Ever since its first edition, the Spoleto Due Mondi festival has been characterised by a strong openness to interdisciplinarity, offering a playbill not only of different performance genres but also as a moment for different cultures to meet. The same openness – while obviously not planned or studied in advance, especially when terms such as “gay friendly” or concepts such as “inclusion” were distant in the Italian dictionary – obviously applied to the sexuality and gender of those who participated in the festival as artists, organisers or spectators.
Schippers e Visconti (1973)
There has indeed always been a strong presence of artists belonging to what is now called the Lgbtqia+ community, who in the first editions of the festival were often portrayed by the press as ‘extravagant’ – so much so that the first edition of the festival was greeted with an air drop of leaflets, expressing fear for the future of Spoleto as a land of vice for homosexuals. A well-known columnist at the time expressed concern that questionable morals would be promoted in this free-for-all.
This may of course all seem strange today, but it is indicative of the novel and powerful role (and not only artistic) the Festival dei Due Mondi has played in the history of entertainment and customs in our country. In 1958, Gian Carlo Menotti wrote in his presentation Why the Festival?: “Perhaps our only merit is that we have discovered a serene and enchanting corner where young artists can express themselves freely, freed from the commitment of political creeds, discharged from the worries of the various aesthetic fashions and without the impositions of autocratic directors (…). It is a well-known fact that it is usually rather the young people who teach us and with their real enthusiasm support or destroy the values of experience”.
Valli and Menotti (1972)
The Italian Socialist Movement once organised a leaflet campaign to protest against the ‘homosexual invasion’ of the city when the festival was on. And it was Menotti, the inventor and guiding force of the festival, who gave the best answer to a well-known reporter concerned about this new outpost for homosexual culture in Italy, arguing that artists in Spoleto were the same as those who went to Vienna, New York or Venice and that the only thing that changed was their visibility (because of the size of the squares). He closed with a declaration of freedom: “On the other hand, what do you want to do? I refuse to put a fig leaf on statues”.
In the 1960s, there was also space for poetry at the Due Mondi. “Allen Ginsberg Is Charged With Obscenity in Spoleto”, read a headline of the New York Times in July 1967. The poet was at the Festival dei Due Mondi for a reading in the original language accompanied by the harmonium played by Fernanda Pivano. At the theatre entrance there were a few – very few – printed copies with the Italian translations of the poems from the reading. That was enough to get him arrested for obscenity.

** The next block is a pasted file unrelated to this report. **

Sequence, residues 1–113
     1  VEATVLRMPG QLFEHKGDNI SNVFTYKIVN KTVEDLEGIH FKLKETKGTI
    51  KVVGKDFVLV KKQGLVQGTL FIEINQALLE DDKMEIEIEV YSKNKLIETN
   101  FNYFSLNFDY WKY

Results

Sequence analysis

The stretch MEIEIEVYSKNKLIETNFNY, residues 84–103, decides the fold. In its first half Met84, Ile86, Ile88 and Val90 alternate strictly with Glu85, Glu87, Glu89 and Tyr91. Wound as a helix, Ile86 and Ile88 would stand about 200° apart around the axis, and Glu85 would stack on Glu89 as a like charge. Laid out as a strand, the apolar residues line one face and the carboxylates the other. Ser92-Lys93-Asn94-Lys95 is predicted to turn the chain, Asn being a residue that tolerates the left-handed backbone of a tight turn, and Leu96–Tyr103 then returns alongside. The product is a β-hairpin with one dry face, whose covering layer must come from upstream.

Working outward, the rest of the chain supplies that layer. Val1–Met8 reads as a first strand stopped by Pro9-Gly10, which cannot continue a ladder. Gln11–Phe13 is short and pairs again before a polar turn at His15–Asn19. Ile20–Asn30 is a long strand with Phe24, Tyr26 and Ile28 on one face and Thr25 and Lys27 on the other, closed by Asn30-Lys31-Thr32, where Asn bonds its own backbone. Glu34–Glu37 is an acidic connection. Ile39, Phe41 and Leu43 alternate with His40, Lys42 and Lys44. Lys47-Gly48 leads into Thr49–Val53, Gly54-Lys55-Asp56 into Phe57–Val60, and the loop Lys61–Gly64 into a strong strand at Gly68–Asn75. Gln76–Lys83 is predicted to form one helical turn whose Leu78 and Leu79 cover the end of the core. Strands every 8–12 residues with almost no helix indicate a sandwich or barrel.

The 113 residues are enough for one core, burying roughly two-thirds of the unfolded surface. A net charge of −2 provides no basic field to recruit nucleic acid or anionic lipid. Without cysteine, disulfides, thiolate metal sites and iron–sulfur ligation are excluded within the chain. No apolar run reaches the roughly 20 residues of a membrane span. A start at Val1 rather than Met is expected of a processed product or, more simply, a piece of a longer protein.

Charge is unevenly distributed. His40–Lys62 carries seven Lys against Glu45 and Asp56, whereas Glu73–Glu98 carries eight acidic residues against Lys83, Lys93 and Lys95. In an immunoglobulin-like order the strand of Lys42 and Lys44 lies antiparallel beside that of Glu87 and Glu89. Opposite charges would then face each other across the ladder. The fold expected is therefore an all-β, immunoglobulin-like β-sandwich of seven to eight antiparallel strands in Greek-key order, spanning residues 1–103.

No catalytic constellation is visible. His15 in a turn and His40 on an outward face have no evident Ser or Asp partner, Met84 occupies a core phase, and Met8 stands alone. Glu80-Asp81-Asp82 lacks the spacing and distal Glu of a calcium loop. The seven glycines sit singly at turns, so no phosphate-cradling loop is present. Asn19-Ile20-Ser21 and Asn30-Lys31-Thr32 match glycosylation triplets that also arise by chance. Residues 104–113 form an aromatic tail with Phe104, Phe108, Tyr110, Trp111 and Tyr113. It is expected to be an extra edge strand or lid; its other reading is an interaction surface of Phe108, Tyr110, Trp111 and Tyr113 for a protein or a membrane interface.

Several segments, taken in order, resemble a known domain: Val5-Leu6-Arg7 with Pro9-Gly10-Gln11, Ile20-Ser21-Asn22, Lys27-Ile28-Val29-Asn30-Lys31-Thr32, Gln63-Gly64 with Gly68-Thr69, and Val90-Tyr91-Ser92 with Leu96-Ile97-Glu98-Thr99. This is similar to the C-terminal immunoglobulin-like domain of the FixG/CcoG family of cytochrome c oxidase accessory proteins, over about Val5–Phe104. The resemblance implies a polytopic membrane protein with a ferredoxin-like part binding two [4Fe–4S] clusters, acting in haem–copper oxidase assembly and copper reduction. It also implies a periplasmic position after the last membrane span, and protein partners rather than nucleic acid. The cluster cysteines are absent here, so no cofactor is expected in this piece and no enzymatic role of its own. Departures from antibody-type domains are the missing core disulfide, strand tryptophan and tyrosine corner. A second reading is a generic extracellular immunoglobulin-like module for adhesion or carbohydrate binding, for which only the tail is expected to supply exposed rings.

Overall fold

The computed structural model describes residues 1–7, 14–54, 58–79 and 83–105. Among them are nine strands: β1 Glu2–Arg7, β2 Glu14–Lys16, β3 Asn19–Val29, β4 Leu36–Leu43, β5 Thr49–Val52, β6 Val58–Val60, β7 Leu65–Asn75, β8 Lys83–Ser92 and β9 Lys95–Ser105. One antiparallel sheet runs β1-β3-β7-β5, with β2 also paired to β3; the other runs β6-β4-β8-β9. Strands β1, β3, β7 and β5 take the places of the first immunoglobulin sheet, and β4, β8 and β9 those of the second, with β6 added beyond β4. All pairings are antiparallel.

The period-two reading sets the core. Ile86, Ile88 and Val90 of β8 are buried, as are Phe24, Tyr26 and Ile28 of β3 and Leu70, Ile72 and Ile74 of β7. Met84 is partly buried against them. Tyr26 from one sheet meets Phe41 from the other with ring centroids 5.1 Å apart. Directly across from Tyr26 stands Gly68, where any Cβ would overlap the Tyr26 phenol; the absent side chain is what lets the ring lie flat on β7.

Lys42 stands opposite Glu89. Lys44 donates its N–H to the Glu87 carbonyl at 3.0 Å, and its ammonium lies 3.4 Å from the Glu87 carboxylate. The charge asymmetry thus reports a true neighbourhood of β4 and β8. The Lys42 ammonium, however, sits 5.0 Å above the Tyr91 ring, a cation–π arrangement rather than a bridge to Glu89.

Clearly, not even Spoleto was ready for verses like these: I want the orgy of our flesh, orgy / of all eyes happy, orgy of the soul / kissing and blessing its mortal-grown / body, / orgy of tenderness beneath the neck, orgy of / kindness to thigh and vagina / Desire given with meat hand / and cock, desire taken with / mouth and ass, desire returned / to the last sigh!. *
The journalist Giuseppe Videtti recalled in La Repubblica: “Artists felt free in Spoleto. Conformism had been defeated by Menotti, who injected passion into the city (at the Gattapone hotel there was a ‘Franciscan room’, that no one knew existed, where Marina Cicogna and Florinda Bolkan hid from sight, together with all the couples that in the eyes of the world were not couples). There must be a reason why the charismatic and charming director Thomas Schippers wanted his ashes to be buried on the wall in Piazza Duomo, in front of the Teatro Caio Melisso – renovated by the Fondazione Carla Fendi – instead of next to his beautiful wife Elaine Lane Phipps, who also died young four years earlier.” In the 1970s, however, homosexuality was no longer restricted to people’s private lives, and therefore also to reporters’ articles and theatre foyers filled with gossipers. Instead, it became a theatrical fact (in 1976, with the character of the femminiello in Roberto De Simone’s musical fable La gatta cenerentola) or an intellectual fact (in 1978 with the first Italian exhibition dedicated to the photographer Wilhelm von Gloeden, with contributions by Michelangelo Pistoletto and Andy Wharhol). That sense of freedom, which owes partly to the innate humanity of the figures associated with the festival, still exists and endures.
*I want the orgy of our flesh, orgy
of all eyes happy, orgy of the soul
kissing and blessing its mortal-grown
orgy of tenderness beneath the neck, orgy of
kindness to thigh and vagina
Desire given with meat hand
and cock, desire taken with
mouth and ass, desire returned
to the last sigh!